The Dutch city of Utrecht is the fourth largest city in the Netherlands by population, after Amsterdam, Rotterdam, and the Hague. It is home to about 350,000 people and serves as a center for culture and education — Utrecht has dozens of museums and galleries, and the University of Utrecht has more enrolled students of any college in the nation. And once a week, someone comes by and vandalizes the street in the center of town.
You can see their handy work for yourself. If you’re in town one weekend, go to the corner of Oudegracht and Lange Smeestraat, ideally just after noon on any given Saturday. When there, look down. You won’t be able to see it on Google Street View, sorry, but it’s there — a capital letter J engraved into one of the stones which make up the curb. Next to that is an E, then a blank tile, then a Z, followed by a U, then L, then a T.
As you’re probably not in Utrecht right now, here’s a picture.
As you’ve probably guessed, that’s not the act of vandals. It’s the work of poets.
In 2002, a group of patrons decided to fund a project for the ages — a never-ending poem, etched letter by letter for the benefit of time immemorial. A poet writes one sentence at a time, and each week, a stonemason creates a one-letter block. On Saturday afternoons at 1 PM local time, that block is placed in the next open slot, adding a tiny bit to the ever-evolving poem. The subsequent block is then removed and etching begins on the next letter, and then that process continues week after week. After that poet’s sentence is completed, a new poet takes over where his or her predecessor left off. The poem isn’t pre-written — the poets are free to add whatever prose they wish.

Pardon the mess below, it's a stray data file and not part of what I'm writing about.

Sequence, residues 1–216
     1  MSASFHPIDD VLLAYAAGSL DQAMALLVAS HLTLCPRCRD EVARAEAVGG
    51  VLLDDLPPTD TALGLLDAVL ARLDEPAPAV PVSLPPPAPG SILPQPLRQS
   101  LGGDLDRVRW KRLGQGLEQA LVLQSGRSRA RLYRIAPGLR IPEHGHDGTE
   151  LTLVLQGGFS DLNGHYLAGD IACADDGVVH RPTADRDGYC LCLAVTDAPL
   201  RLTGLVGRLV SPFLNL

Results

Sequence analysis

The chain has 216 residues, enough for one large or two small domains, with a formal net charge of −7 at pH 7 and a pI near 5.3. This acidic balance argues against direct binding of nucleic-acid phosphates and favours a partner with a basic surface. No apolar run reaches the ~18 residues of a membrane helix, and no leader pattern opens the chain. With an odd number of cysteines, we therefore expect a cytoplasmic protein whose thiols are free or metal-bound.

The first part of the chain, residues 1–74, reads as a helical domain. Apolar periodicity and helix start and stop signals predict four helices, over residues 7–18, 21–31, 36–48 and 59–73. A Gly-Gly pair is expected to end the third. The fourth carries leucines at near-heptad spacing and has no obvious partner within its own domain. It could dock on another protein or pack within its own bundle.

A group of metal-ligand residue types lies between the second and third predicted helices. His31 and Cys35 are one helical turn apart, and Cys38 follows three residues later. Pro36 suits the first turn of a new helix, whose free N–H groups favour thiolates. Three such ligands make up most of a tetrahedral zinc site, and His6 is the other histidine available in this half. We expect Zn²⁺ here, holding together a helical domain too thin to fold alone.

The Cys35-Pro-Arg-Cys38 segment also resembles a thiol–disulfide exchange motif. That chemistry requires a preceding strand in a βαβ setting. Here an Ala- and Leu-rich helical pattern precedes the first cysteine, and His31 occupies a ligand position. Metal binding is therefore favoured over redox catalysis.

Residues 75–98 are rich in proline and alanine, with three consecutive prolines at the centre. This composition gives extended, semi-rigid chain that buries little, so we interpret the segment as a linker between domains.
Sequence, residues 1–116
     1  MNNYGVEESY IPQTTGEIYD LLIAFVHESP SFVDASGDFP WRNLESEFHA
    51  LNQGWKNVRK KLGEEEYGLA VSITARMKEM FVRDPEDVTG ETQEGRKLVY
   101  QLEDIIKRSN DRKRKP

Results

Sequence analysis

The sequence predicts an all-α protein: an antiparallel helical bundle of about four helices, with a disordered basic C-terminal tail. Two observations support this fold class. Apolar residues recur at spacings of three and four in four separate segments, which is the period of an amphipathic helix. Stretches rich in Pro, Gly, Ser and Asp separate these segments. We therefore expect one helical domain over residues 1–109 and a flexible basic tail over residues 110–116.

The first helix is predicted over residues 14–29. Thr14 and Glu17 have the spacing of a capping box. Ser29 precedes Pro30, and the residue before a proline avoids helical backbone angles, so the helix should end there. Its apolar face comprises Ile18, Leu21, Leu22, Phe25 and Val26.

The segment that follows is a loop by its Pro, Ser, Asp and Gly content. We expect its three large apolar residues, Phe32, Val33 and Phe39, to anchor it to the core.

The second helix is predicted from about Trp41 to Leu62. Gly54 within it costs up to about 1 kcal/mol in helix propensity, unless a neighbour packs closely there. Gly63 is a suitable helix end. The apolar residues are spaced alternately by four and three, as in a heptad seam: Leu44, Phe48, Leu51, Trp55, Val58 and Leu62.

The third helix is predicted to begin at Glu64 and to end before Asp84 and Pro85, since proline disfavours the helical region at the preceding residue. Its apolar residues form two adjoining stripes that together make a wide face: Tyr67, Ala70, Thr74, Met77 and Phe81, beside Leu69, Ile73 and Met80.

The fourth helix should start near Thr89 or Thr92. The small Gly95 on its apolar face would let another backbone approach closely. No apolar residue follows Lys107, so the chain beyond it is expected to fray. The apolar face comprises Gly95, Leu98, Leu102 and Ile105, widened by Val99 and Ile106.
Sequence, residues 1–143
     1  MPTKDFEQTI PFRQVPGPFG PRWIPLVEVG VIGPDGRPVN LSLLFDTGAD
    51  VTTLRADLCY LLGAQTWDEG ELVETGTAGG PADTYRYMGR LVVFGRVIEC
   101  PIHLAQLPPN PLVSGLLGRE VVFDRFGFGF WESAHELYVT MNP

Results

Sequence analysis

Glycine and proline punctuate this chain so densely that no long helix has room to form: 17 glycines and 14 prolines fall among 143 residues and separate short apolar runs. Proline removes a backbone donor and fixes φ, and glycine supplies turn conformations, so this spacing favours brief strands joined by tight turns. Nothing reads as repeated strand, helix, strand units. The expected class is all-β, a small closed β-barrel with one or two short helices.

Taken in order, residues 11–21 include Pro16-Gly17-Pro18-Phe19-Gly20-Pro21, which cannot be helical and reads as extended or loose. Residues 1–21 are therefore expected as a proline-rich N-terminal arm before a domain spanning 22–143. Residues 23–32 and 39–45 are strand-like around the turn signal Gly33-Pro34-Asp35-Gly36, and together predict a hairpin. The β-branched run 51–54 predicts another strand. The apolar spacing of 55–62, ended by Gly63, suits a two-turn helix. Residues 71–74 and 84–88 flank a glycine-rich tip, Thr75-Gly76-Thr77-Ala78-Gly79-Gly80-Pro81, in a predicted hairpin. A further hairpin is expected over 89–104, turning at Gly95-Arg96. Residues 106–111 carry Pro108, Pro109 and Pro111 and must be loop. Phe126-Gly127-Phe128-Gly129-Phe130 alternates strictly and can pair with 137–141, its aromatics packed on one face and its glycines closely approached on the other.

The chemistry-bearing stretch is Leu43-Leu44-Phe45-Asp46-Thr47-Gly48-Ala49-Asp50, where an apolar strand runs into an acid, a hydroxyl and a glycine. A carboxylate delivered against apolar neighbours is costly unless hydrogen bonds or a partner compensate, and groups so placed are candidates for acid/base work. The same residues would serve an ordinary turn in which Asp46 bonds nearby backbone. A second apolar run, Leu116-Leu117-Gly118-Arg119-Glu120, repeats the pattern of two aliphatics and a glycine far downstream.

To make the project more likely to succeed and, as Atlas Obscura observes, “in order to pinpoint an easy start date, the first 648 blocks were laid out and back-dated to January 1, 2000.” Going forward, the town has reserved enough spaces on the streets for the poem to extend until the year 2350, which seems like a long time, but “it takes about 3 years to publish a sentence” according to Futility Closet — so that’s only a 100-sentence poem, give or take. But the project can go on well past that length and deadline. There’s no preset end date; so long as the city (or another benefactor) funds the poem, it could go on effectively forever. It’s common for city residents to sponsor a stone in honor of a loved one’s birthday or other milestones, so, at only 52 stones a year, there are probably more willing sponsors than there are opportunities.
As for the poem itself, right now, it’s about a journey — or perhaps it’s morphed into a testament to the town that hosts it? You can judge for yourself. If you want to read the poem to date, it’s available in Dutch at this link, and if you need it in English, the Atlas Obscura link translated the first six-plus sentences.
From the Archives: When it Rains, it Poems: More sidewalk poetry.